It thus strikes me as utterly incredible that anyone would compare the criticism of Summers to the Churchill case, let alone to McCarthyism.
Richard Posner aptly remarked:
Were Summers an expert on the reasons for gender-related occupational patterns, and as a result had special insight into the issue of women’s lack of proportional representation in science careers, there might have been a real cost in his failing to speak to the issue. However, since he is not an expert in this area, there would have been no great loss to human knowledge had he kept silent and let the experts engage with the issue....
So the benefit of Summers’s speaking out was small. The cost would have been small, too—were he not the highly visible president of the nation’s most famous university. For as a practical matter, chief executive officers do not enjoy freedom of speech. A CEO is the fiduciary of his organization, and his duty is to speak publicly only in ways that are helpful to the organization. Not that he should lie; but he must avoid discussing matters as to which his honestly stated views would harm the organization. (Judges also lack complete freedom of speech; as I mentioned in our introductory blog posting, I am not permitted to comment publicly on any pending or impending court case.) Summers must think that his remarks did harm the university, as otherwise he would not have apologized—for he apologized not for what he said, but for saying it.
Unfortunately, in a right-wing country like the United States, most of the serious attacks on academic freedom--i.e., the ones in which people are threatened with losing their jobs--are directed at those on the left: this was true in the 1950s, and it is true today. The Governor of California didn't call for John Yoo to be fired for his views on torture, but the Governor of Colorado singled out Ward Churchill for dismissal, and a U.S. Congressman did the same with Joseph Massad at Columbia. The Fox Propaganda Network comes to the defense of an economist who offends students with his remarks on homosexuality, but that same Network leads the charge against a critic of U.S. foreign policy. It would help if people who believe in the First Amendment and academic freedom had some sense of proportion in these cases.
Criticizing someone for his views is not the same as calling for his head, or his job, or his livelihood. At the end of the day, the worst thing that will happen to Larry Summers is he won't be President of Harvard, and he'll go back to being a tenured professor of economics, if not at Harvard, then at any one of a dozen other top universities which will surely fall all over themselves to hire him. He can then opine as he pleases, secure in the knowledge that academic freedom will protect his right to do so.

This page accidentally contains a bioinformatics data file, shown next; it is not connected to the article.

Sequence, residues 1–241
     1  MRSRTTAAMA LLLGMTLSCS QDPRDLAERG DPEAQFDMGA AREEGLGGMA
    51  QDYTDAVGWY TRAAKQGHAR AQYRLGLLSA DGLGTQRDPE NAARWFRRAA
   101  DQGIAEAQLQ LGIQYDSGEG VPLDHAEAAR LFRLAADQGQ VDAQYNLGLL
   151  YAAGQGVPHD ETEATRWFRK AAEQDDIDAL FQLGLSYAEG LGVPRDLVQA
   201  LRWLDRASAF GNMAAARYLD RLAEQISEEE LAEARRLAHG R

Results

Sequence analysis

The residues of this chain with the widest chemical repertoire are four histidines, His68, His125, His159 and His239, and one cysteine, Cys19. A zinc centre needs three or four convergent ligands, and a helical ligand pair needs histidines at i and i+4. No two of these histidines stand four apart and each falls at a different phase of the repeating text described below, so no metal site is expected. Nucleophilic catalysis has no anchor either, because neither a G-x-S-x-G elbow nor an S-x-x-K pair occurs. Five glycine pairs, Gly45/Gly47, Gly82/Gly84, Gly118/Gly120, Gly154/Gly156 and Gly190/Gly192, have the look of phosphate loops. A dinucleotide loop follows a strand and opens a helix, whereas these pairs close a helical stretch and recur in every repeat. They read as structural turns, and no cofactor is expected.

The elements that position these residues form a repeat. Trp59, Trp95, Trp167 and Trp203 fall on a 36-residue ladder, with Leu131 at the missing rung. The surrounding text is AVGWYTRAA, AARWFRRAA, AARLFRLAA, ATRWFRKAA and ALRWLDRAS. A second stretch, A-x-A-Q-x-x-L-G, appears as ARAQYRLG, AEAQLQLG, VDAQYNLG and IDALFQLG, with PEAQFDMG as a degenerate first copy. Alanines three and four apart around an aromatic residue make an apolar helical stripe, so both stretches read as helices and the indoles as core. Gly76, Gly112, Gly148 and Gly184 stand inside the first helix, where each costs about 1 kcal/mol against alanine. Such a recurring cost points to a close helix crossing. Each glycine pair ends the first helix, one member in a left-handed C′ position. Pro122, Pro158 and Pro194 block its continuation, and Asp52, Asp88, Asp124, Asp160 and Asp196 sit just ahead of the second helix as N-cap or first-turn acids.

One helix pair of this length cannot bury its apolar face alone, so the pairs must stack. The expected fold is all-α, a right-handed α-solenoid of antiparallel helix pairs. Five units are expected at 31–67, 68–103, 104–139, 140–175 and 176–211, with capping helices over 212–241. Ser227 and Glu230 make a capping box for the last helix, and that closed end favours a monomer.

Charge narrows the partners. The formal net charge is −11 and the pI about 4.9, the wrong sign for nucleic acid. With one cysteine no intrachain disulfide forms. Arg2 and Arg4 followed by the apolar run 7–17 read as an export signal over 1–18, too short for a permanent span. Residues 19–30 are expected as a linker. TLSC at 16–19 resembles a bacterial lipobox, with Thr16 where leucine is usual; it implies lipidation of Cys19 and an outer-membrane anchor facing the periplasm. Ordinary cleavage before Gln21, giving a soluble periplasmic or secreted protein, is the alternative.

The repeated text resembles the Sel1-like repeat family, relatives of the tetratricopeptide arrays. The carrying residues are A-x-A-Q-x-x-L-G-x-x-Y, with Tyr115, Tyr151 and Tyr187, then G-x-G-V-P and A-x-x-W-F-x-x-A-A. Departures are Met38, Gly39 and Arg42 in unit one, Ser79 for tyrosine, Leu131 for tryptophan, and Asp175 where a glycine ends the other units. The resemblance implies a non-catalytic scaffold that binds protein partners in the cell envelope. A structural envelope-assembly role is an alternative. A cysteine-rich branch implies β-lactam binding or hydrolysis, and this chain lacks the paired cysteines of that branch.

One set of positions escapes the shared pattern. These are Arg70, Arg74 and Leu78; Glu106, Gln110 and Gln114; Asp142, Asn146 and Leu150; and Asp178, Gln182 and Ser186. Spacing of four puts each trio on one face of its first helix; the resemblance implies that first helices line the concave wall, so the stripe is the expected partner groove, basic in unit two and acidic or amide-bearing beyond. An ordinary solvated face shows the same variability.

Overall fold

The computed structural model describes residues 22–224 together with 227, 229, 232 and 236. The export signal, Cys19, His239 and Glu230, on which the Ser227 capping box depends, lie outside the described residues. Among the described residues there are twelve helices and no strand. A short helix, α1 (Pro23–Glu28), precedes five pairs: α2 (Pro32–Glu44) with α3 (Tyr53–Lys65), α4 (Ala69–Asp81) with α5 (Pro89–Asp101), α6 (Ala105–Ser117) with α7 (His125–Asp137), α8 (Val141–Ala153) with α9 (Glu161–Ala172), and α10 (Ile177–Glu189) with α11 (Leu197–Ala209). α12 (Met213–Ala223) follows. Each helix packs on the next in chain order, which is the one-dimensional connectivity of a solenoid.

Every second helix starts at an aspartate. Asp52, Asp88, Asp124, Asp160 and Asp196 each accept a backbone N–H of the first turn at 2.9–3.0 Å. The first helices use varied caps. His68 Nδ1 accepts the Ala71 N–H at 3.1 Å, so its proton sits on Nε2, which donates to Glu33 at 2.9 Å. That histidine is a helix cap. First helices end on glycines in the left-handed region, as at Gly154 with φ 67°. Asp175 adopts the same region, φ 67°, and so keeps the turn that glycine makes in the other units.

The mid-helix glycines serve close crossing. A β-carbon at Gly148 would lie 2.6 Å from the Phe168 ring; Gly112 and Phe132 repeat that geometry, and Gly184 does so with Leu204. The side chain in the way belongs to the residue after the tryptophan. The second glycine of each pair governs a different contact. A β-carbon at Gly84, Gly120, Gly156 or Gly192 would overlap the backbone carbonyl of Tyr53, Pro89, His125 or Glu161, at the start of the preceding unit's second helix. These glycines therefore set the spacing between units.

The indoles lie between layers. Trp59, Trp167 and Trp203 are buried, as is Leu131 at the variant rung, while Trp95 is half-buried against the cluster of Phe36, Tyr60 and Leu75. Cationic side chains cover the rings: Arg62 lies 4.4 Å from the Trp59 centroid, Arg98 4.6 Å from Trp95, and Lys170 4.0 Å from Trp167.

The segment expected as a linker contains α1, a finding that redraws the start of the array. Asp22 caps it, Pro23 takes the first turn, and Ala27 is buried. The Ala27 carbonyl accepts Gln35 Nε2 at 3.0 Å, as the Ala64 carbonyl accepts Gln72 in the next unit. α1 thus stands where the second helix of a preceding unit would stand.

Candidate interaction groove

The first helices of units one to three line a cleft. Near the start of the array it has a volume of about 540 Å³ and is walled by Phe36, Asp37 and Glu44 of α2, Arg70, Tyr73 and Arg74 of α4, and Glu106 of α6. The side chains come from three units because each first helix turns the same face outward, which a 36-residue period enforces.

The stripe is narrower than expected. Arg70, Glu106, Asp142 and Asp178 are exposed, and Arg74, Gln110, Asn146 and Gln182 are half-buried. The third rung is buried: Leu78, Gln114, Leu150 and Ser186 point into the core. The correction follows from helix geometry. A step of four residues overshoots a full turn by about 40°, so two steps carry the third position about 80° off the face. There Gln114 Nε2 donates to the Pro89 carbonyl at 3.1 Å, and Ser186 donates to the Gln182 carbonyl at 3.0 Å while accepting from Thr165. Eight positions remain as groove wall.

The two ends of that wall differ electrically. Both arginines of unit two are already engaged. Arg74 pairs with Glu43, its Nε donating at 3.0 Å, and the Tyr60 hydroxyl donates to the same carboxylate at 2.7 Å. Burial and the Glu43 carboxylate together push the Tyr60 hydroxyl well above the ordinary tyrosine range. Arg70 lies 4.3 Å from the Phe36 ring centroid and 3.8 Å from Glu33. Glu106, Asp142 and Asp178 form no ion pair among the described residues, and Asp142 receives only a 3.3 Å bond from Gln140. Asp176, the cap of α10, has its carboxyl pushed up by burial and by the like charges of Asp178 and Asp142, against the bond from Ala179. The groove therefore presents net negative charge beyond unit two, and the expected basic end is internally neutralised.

Addendum: Even if academic freedom does not protect the right of the President of a university to mouth off as he wants, perhaps it should in some contexts? My colleague Kate Litvak wrote:
Academic conferences are the places for open debate and mutual learning. That’s where controversial and crazy ideas are aired and developed. Things said at those conferences must be protected from ideologues of all stripes. We must not treat remarks at academic conferences in the same way as we treat TV interviews, op-ed publications, or political rallies. If senior scholars are prevented from expressing controversial hypotheses at academic conferences for the fear of losing their administrative positions, this will jeopardize research by silencing top scholars who seek leadership roles, or else jeopardize research by placing in the positions of power only conformist politicos unburdened by the innate drive to seek the truth. While administrators should behave themselves during fund-raisers and public appearances, nothing should ever be a taboo at an academic conference, even for an administrator.
In this case, of course, it wasn't "ideologues" who led the critics, it was actual scientists, such as the MIT biologist Nancy Hopkins. But putting that aside, perhaps there should be an exception for "academic conferences" that covers even administrators? That isn't part of the legal protections currently involved in academic freedom--for the reasons noted by Professor Volokh and Judge Posner--but perhaps it should be, for the reasons given by Professor Litvak. I doubt very much is lost by discouraging controversial researchers from seeking administrative positions (let them do their research instead!), and certainly nothing is lost by discouraging dilettantes from speculating about scientific questions. But even if one shared Professor Litvak's view that Larry Summers has a moral claim sounding in academic freedom to retain his administrative post, this would still be a far, far cry from the Churchill and Massad cases, where political figures are calling for their livelihoods, not just administrative postings, and they may yet get them. So while I have some sympathy for Professor Litvak's moral position, it still strikes me that those who would assimilate the Summers case to these others really display a startling lack of sense of proportion.